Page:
Revealing winter gardening myths: the ins and outs for your garden

Winter gardening can seem daunting to plant-o-holics with so much advice doing the rounds on the wide web. We have searched far and wide, dug in the deepest trenches and found the answers to the most common questions we’ve all asked ourselves when it comes to gardening in the colder seasons. We shall be dispelling the myths of winter gardening, letting you know what is, in fact, true and what is not. 

Winter gardening and morning waterings.

We have heard many times that giving plants water first thing in the day is good for growing greenery. Morning watering gives the soil a chance to dry before night falls, and with it the temperature. If it is possible, water the soil by avoiding the foliage. Remember to check the soil is drying out before your habitual watering. This will help reduce the risk of fungal diseases and rotting – which can be slow, silent plant killers – as the soil can stay cold and damp for weeks.

Our winter gardening verdict: FACT

Fertilising before or during winter is unnecessary.

Fertilising is actually an important step in Winter gardening to keep your plants happy and healthy through the cold weather. Doing this will ensure your garden will flourish once spring finally arrives. Our organic, slow-release vita-boost fertiliser is a great year-round fertiliser, but it is our top pick for your garden winter prep. 

If you have a veggie garden, it is worthwhile adding nutrient-rich compost and manure to the garden bed to give those plants a much-needed nutrient boost. Browse the rest of our fertilising range to get those grounds winter prepped.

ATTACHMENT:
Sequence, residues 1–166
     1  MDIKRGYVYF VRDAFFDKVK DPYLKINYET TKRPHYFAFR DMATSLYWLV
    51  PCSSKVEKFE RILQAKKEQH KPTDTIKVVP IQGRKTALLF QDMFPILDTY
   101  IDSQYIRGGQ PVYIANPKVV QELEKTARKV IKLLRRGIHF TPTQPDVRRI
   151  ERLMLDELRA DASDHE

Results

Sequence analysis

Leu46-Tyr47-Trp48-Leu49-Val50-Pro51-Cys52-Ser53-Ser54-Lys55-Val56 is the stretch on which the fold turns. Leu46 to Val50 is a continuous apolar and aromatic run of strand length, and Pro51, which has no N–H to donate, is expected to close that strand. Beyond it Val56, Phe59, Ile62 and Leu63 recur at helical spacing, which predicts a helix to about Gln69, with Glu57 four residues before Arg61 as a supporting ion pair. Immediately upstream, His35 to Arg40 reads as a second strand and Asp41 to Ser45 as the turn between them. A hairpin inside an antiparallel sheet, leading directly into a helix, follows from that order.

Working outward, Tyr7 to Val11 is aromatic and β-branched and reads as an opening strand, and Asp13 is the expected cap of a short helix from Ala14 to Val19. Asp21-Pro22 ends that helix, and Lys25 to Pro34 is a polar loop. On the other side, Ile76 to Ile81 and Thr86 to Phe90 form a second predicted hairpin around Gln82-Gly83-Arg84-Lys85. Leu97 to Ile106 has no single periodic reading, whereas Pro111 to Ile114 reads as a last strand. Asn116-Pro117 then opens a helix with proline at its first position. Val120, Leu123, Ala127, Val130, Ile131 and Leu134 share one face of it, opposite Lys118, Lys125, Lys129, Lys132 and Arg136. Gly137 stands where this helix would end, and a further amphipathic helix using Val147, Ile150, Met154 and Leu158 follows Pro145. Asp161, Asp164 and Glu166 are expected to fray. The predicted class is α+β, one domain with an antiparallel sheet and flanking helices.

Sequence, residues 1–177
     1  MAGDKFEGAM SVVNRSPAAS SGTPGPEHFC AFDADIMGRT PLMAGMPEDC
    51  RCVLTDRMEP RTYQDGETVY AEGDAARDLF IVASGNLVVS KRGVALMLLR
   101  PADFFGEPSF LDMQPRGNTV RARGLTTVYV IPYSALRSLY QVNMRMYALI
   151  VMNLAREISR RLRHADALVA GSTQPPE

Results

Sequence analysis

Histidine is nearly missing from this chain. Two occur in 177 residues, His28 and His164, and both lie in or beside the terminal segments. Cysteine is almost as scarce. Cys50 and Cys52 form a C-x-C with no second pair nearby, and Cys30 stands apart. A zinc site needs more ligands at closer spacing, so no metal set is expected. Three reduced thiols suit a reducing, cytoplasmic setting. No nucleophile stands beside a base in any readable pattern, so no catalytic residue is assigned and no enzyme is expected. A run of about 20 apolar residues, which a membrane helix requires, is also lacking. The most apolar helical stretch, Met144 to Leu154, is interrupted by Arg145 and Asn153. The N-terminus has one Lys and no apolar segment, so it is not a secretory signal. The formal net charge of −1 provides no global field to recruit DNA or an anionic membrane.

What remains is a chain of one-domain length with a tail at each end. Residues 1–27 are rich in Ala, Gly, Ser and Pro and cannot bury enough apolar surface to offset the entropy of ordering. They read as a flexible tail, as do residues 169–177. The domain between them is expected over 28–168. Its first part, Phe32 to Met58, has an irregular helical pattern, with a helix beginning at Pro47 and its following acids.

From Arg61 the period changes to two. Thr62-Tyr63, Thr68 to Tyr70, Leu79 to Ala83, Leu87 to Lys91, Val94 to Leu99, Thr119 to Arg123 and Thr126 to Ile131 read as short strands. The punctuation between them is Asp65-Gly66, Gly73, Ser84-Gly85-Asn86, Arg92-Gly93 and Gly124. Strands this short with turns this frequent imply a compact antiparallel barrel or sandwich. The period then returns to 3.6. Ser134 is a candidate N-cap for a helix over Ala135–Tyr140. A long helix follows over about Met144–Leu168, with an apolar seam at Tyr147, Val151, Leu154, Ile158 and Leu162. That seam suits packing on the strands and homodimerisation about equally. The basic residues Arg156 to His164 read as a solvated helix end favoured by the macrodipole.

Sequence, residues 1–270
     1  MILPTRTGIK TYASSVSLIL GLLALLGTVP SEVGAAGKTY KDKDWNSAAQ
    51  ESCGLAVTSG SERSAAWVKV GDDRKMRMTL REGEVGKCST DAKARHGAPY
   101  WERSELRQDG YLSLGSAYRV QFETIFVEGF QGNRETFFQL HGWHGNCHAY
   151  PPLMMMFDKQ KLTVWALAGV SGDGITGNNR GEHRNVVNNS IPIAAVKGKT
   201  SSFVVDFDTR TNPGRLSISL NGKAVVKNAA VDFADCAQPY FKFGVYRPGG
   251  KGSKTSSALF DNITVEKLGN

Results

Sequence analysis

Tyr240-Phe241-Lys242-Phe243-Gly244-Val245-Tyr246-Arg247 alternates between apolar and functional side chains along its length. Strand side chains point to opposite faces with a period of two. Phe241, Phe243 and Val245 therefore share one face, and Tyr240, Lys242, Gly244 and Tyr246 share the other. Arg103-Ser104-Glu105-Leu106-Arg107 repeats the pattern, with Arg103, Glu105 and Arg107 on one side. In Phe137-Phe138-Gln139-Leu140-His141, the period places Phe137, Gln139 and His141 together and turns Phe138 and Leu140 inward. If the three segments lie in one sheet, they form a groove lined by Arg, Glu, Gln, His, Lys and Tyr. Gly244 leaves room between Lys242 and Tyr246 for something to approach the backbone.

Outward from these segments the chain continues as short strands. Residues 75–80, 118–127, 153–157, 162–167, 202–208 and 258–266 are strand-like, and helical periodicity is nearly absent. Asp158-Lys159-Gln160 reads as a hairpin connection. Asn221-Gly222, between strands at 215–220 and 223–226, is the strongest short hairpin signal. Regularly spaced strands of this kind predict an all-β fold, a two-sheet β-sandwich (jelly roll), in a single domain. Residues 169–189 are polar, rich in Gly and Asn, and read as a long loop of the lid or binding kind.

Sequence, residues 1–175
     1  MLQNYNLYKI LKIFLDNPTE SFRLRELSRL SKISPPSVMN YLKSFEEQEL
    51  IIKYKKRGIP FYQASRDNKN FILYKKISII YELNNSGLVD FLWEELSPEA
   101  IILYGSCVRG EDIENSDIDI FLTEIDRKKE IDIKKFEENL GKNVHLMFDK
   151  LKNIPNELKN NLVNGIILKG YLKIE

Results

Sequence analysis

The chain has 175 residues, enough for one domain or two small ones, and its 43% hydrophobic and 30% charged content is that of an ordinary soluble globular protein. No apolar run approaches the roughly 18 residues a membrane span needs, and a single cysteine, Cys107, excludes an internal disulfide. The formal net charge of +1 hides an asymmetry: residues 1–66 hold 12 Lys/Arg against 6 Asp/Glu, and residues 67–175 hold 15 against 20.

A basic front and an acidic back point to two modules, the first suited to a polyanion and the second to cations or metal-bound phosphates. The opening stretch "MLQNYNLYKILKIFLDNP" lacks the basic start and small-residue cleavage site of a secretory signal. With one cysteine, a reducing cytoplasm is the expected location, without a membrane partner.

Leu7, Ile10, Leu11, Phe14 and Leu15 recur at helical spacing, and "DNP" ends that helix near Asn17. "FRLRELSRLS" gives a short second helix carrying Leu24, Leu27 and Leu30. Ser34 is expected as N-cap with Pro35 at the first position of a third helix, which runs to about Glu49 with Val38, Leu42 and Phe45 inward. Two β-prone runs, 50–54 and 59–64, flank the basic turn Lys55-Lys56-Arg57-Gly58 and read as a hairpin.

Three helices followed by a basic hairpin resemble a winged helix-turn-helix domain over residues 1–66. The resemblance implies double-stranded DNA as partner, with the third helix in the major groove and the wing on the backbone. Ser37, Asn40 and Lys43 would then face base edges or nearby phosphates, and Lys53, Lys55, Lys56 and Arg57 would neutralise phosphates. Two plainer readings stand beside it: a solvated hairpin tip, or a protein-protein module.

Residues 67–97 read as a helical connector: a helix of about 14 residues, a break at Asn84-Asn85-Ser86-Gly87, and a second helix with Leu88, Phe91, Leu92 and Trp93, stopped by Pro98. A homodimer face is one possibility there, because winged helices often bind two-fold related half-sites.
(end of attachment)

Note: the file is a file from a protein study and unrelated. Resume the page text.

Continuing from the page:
Our winter gardening verdict: FICTION

Grow grass by cutting it short

A lush lawn is a goal for gardeners year-round, but what advice should you follow to achieve that? Well, cutting your grass short in the winter is not exactly the way to keep your lawn green and lush. Keep your grass cut no shorter than 3 cm. Having some extra length will act as a layer of insulation to the lawn roots and runners as they grow and spread during the colder months of winter gardening

Our winter gardening verdict: FICTION

Herbs can’t survive winter

Just as with flowers and veggies, some herbs like it hot and some can handle the cold. Basil will begin to brown at the first sign of cold nights, while perennial herbs can keep hydrated throughout the winter. These perennial herbs include rosemary, bay, and oregano. 

If you’re looking for which herbs to grow, you can always ask our experts: 

Our winter gardening verdict: FACT and FICTION

Root vegetables do best with winter gardening

Root vegetables such as carrots, parsnips, beetroot and potatoes as well as leafy greens are all excellent choices for the cool season veggie garden. They will tolerate both shorter daylight hours and cooler weather. The big bonus of the winter veggie patch is it’s almost maintenance-free. Water lightly about once a week if it’s dry, watch out for the odd bug or insect and that’s about it!

Our winter gardening verdict: FACT

Plants can still flourish in winter

This one is easy. Just because it’s winter doesn’t mean your garden needs to be bare of beautiful plants, brown and abandoned. It also needn’t be elaborate – even a potful of pansies can brighten up the dreariest of surroundings. With the proper care and research, there are many plants that can thrive in chilly weather. 

If you’re after flowers to bring life to your outdoors, there are enormous numbers of beautiful winter annuals that will put on gorgeous shows in pots or winter gardening beds. Choose a plant food, such as Wonder Colour Boost, to assist in trauma recovery and enhance nutrient uptake. 

Besides these colourful flowers, you might consider decorating your flower pots with paint or coloured twine, for example. Aloes, cacti and succulents also make excellent accent plants and are available in various vibrant shades.

Azaleas, daisies, roses, pansies, tulips and proteas.

Our winter gardening verdict: FACT

Read more about what type of gardening you can do in our May gardening calendar: 

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